How to Choose Fonts for Headlines

Headline Font Examples
Choose fonts that are bold, distinctive, or contrast well with your other fonts. Jacci Howard Bear

Headlines and other short phrases or blocks of text are often set in display type sizes of 18 points and larger. While readability is still important, there is more leeway for using fun or decorative typefaces in headlines. Beyond what the headline says, it needs contrast—of size or font choice or color—to make it stand out.

How to Create Contrast

  1. Match headline fonts to the tone of the document. Choose a font for headlines that is appropriate to the tone and purpose of your publication. Does the font say fun or serious to you?
    • Classic, serif typefaces and neat, orderly decorative fonts are typical of a formal page layout used for official or traditional communications and serious subjects.
    • Along with classic serif and sans serif faces, there is often also room for more playful, decorative, or exotic typefaces in informal page layouts as well as child-focused layouts.
  1. Use contrasting font styles for headlines. Serif body copy and sans serif headlines provide good contrast. Avoid using headline and body copy fonts that are too similar in style such as two different serif or sans serif fonts.
  2. Use bold headline fonts to add contrast. If using the same font for body copy and headlines, create contrast by setting headlines bolder and much larger than body text.
  3. Make headlines a different color than other text. Use color in the headline to create contrast but make sure there is enough contrast not only between the headline and the body text but also between the headline color and the background.
  4. Make headlines larger than body copy. Display and headline fonts are more readable at larger sizes than body copy fonts. For extremely decorative or elaborate fonts use even larger display sizes of 32 points or more in headlines. Create a headline hierarchy with headline fonts that look good in multiple sizes.
  1. Limit use of decorative headline fonts. Extremely decorative or elaborate display fonts, even at headline font sizes, are harder to read. Use decorative headline fonts in moderation and for shorter headlines.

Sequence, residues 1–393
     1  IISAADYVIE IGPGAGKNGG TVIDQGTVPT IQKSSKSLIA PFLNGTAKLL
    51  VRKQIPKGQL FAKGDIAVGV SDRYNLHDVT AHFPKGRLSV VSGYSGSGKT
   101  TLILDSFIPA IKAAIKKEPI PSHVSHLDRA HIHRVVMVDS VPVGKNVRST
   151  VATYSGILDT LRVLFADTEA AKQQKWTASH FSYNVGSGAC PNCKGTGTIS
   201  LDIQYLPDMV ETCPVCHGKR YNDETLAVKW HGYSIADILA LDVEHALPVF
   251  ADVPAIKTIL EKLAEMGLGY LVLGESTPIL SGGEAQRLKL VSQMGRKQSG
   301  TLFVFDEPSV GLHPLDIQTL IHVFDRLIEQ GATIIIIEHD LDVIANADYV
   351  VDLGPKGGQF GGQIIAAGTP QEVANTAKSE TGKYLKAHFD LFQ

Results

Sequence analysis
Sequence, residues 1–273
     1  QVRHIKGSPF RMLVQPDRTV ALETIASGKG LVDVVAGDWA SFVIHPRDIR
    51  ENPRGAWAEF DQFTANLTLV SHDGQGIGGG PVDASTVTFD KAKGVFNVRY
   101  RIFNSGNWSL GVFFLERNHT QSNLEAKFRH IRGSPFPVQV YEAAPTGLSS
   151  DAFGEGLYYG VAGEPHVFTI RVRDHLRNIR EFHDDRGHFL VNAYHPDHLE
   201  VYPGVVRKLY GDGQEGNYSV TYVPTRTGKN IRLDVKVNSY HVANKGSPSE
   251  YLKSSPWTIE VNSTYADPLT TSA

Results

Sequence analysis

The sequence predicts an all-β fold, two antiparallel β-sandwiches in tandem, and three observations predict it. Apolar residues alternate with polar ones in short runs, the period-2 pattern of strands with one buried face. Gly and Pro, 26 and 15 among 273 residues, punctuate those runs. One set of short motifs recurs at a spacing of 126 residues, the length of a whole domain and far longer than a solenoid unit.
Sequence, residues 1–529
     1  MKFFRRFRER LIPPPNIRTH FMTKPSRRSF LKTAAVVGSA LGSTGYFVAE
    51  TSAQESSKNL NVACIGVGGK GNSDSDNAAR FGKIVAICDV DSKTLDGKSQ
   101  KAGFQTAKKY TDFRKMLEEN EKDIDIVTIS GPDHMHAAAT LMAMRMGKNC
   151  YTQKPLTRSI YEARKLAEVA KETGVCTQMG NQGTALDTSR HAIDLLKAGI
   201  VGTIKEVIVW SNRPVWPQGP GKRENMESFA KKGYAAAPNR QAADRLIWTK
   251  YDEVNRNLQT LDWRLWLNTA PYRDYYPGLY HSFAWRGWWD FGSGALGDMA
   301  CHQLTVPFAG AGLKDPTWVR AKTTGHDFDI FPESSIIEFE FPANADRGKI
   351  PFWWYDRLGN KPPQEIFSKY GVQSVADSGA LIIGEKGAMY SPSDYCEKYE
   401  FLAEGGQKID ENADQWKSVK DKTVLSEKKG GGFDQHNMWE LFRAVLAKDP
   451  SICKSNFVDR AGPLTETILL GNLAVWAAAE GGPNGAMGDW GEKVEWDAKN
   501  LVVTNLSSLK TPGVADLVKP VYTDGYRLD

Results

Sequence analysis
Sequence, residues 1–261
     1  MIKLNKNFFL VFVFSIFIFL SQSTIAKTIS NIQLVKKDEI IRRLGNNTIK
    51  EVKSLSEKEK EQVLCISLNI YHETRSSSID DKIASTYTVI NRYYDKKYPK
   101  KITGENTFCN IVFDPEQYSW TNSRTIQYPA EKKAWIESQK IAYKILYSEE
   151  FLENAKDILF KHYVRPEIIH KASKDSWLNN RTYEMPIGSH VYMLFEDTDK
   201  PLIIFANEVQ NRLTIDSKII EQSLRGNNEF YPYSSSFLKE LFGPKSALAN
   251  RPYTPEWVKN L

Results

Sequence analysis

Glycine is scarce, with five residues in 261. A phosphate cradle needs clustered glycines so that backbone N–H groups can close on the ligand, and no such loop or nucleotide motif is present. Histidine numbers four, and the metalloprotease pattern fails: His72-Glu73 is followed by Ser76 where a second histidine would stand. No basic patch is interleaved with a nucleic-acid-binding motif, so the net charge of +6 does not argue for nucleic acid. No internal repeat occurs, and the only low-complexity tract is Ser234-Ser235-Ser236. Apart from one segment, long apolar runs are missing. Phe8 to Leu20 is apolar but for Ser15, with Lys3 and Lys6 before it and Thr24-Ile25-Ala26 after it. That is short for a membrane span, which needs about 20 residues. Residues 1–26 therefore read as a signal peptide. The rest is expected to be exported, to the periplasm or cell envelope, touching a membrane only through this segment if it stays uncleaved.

2. Set ALL CAPS headlines in small caps, sans serif fonts or titling fonts. Serif, scripts, and elaborate decorative fonts are often much harder to read set in all caps. The serifs, swirls, and flourishes of each capital letter tend to interfere with the other capital letters making it difficult to identify individual letters and whole words. Consider using small caps or Titling fonts for serif headlines in all capitals or use sans serif fonts. With all caps, shorter headlines are better than long ones.
  1. Kern your headlinesAdjust the spacing of type set at display sizes to eliminate distracting gaps between certain pairs of letters. Gaps in headlines stand out like sore thumbs and can even create embarrassing headlines (consider how poor kerning or word spacing may effect a headline that includes the adjacent words "pen" and "is" for example.)

Additional Tips

  • Don't let headlines be squished. If you don't want to spend time kerning your headlines, try fonts that have better letterspacing and don't need kerning. It varies from typeface to typeface.
  • Use headline fonts consistently. Try to use the same headline fonts throughout a multi-page publication, using variations consistently as well such as one style for major stories, another for secondary or sidebar articles.
  • 20 Fonts for Big and Powerful Headings includes a lot of sans serif but also some sans serif fonts that work well at display type sizes. (Henry Jones at WDL)
  • 19 Top Fonts in 19 Top Combinations by Douglas Bonneville sets a bit of Lorem ipsum text in several serif and sans serif font combos.